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NHL Power Rankings: Most surprising playoff performances

NHL on NBC play-by-play announcer Doc Emrick reflects on one month since the last NHL game, praising the work of doctors and first responders and looking forward to the "joyful day" where hockey and sports resume.

In this week’s edition of the NHL Power Rankings we jump into the time machine to take a look at surprising performances from past postseasons.

Specifically, some of the most surprising postseason performances. Completely out of nowhere performances from players that no one really saw happening.

The 2020 Stanley Cup Playoffs were supposed to have started this past week, but with the season temporarily paused we are not sure when they are going to begin. In the meantime, we can always take a stroll down memory lane.

Which performances make the cut this week?

To the rankings!

1. John Druce, Washington Capitals (1989-90). This is the surprising playoff performance that all other surprising playoff performances are measured against. The Capitals reached the Wales Conference Final during the 1990 postseason, and it was Druce’s 14 goals in 15 games that helped drive them to the NHL’s final four. Dino Ciccarelli (eight goals) was the only other player on the team that scored more than four goals that postseason. It was so surprising because at the time Druce had scored only 16 career goals in 93 career games.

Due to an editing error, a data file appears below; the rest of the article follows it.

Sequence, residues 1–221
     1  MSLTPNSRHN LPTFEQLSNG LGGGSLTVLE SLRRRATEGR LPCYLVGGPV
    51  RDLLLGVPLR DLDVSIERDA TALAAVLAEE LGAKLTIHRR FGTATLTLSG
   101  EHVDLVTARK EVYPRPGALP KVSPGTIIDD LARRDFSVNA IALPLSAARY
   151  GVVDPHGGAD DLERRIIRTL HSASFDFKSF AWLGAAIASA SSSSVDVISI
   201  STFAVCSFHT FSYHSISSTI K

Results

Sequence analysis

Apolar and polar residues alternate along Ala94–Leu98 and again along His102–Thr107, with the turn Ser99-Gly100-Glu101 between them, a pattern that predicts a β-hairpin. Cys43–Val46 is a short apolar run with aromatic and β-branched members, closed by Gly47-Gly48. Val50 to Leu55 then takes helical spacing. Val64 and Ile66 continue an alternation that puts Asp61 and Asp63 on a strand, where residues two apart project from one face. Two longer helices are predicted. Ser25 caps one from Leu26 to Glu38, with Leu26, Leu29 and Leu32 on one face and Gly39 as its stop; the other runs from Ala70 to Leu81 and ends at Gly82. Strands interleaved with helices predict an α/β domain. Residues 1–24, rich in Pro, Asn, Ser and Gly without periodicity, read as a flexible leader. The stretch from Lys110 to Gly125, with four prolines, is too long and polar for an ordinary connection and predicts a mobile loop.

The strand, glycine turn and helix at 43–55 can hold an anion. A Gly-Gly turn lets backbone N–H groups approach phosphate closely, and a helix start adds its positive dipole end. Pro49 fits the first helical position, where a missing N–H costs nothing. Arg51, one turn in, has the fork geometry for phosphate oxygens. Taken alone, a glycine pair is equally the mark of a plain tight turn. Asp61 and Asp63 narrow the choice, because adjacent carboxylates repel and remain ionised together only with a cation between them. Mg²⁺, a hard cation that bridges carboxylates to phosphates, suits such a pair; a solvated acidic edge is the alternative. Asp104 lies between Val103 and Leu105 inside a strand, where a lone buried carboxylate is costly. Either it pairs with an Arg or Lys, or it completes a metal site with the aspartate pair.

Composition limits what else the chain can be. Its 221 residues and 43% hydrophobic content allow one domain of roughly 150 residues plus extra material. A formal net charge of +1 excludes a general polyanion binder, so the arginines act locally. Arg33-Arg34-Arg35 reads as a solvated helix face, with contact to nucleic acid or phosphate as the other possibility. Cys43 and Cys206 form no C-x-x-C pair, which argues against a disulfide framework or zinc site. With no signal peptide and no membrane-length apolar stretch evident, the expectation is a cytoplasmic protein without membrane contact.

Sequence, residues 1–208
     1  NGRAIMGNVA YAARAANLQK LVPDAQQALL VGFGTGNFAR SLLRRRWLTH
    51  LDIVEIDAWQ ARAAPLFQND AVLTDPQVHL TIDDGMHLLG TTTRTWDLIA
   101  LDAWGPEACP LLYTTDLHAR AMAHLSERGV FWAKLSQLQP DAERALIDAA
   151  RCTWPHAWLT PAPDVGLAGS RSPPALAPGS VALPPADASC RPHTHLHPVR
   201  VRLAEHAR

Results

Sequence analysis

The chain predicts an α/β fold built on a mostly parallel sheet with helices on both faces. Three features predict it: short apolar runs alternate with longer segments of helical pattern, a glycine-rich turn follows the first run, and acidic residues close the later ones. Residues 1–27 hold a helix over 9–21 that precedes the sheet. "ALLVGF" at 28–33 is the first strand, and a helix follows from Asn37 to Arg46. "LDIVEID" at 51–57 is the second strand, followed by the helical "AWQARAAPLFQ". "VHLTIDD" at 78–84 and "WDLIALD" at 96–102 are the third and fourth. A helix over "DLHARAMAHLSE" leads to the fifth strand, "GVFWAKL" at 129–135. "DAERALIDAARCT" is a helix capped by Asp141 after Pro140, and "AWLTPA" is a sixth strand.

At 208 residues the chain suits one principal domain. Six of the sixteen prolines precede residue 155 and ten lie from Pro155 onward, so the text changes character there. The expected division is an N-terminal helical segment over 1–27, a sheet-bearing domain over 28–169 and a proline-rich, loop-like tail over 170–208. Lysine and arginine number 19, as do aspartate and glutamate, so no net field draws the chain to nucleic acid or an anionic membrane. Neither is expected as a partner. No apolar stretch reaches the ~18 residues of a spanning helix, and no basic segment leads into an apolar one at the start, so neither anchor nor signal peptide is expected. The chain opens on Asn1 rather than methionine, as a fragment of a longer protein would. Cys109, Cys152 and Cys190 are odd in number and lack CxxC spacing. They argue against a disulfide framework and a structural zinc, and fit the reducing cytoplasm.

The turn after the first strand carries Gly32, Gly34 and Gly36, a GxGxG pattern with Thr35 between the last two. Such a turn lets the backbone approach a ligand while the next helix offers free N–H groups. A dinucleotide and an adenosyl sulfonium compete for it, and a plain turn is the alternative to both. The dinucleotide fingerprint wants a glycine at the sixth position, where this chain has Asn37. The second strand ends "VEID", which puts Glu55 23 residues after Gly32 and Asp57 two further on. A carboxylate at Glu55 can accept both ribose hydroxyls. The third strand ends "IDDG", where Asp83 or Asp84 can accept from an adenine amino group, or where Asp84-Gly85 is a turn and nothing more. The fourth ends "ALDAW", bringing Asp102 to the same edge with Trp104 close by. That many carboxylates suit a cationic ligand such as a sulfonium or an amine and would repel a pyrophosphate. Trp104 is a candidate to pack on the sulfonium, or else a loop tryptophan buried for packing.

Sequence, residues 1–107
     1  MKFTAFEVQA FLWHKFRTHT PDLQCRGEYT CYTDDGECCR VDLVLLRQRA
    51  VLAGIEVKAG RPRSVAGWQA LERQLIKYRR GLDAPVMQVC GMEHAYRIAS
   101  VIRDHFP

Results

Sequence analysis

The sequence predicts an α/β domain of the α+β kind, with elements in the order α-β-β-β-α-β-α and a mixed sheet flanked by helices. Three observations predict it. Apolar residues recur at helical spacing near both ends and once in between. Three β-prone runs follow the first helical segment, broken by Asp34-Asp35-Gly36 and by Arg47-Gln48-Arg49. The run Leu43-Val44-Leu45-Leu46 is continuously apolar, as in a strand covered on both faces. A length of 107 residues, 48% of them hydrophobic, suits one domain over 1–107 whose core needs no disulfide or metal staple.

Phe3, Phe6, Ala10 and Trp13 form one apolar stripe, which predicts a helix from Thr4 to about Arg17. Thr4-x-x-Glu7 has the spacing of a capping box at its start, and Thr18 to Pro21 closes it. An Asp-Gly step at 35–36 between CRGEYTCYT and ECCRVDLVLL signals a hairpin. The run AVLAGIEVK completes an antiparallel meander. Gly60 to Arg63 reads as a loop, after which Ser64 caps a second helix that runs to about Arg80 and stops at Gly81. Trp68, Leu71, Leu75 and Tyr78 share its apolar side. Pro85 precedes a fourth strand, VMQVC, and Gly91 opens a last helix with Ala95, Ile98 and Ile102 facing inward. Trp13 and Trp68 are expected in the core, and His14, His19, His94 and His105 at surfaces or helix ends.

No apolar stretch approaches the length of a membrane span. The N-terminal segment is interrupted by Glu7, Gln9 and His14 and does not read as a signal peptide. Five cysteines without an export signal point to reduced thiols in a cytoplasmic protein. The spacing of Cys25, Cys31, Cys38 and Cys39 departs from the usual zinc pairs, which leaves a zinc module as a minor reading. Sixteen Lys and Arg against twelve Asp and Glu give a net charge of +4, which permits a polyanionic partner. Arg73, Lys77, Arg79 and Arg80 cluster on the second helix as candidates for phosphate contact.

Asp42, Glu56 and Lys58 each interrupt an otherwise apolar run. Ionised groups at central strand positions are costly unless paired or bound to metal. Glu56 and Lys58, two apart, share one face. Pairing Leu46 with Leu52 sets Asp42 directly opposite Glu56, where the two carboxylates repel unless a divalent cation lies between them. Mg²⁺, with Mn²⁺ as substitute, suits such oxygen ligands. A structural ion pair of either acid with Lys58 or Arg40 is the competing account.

2. Fernando Pisani, Edmonton Oilers (2005-06). The Oilers were a Game 7 away from winning the 2005-06 Stanley Cup and there were a lot of big contributors that helped them get there. Chris Pronger was at the top of his game and a game-changer on defense. Dwayne Roloson arrived at the trade deadline and solved their goaltending issue. And the leading goal-scorer in the entire playoffs was ... Pisani? He scored a very respectable 18 goals in 80 games during the regular season, but ended up pacing the entire league in the playoffs with 14 goals in 24 games. It helped him get a four-year, $10 million contract with the Oilers. Prior to the 2007-08 season he was diagnosed with ulcerative colitis, missed 27 games, and was never really the same after that.

3. Marcel Bonin, Montreal Canadiens (1958-59). Bonin won four Stanley Cups with the Canadiens throughout the 1950s as a role player. But it was the 1958-59 championship where he ended up taking on a starring role due to the absences of Rocket Richard and Jean Beliveau (only three playoff games each). Bonin finished with 10 goals and 15 total points in 11 playoff games and was the hero of the Stanley Cup run. That performance came after he scored just 13 goals in 57 regular season games. For his career, he only scored one playoff goal in 49 playoff games outside of this run. His 10 goals in 11 games remains one of the best goal-scoring performances in NHL playoff history.

4. Ville Leino, Philadelphia Flyers (2009-10). Leino arrived in the NHL prior to the 2008-09 season with much fanfare and was supposed to be a huge addition for the Detroit Red Wings. It did not work out as planned, and after a rather uninspiring start to his career was traded to the Flyers during the 2009-10 season. It was with the Flyers that he absolutely went off in the 2010 postseason, finishing with 21 points (seven goals, 14 assists) in 19 games to help lead them to the Stanley Cup Final. It was the high point of his career, and was a big part of why he ended up getting a huge free agency contract with the Buffalo Sabres.